Tibetans take up “direct action”
From ANIMAL PEOPLE, April 2006:
KATHMANDU–“Large numbers of troops and police are patrolling
the streets of Rebkong, Quinghai Province, Tibet, to prevent a
bonfire of skins originally scheduled for February 12, 2006. It
appears that the Chinese government has banned the public burning of
chuba costumes trimmed with tiger, leopard and otter skins,” the
Wildlife Protection Society of India posted on February 15, based on
information received from Tibet Info Net.
Fiery protests resembling western-style “direct action”
continued in Tibet into March 2006, despite the military presence,
according to Nepal-based Radio Free Asia, and have occurred for at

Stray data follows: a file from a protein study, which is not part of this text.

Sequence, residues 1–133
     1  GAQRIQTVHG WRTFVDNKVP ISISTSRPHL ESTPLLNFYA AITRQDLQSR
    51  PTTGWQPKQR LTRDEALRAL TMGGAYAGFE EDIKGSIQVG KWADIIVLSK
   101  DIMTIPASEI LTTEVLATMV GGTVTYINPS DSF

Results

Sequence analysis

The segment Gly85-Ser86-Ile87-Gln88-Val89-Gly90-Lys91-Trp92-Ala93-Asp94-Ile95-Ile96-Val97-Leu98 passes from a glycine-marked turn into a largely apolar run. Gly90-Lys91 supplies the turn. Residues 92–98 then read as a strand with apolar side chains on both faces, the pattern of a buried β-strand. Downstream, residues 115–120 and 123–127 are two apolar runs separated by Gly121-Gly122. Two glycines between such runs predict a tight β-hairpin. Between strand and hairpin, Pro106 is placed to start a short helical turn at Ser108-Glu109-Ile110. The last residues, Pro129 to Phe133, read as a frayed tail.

least eight months, contrary to previous belief that they began with
fur burnings in January 2006.
Radio Free Asia on February 1, 2006 reported that in August
2005 at Manikengo, “Tibetans, some of whom said they were angry
because they had been pressured to sell their animals for slaughter
at below-market prices, broke into a Chinese-owned slaughterhouse
during the annual Tibetan horse race festival, which attracts
thousands of people. They found what they described as a large
number of animals, including dogs and horses, sources said.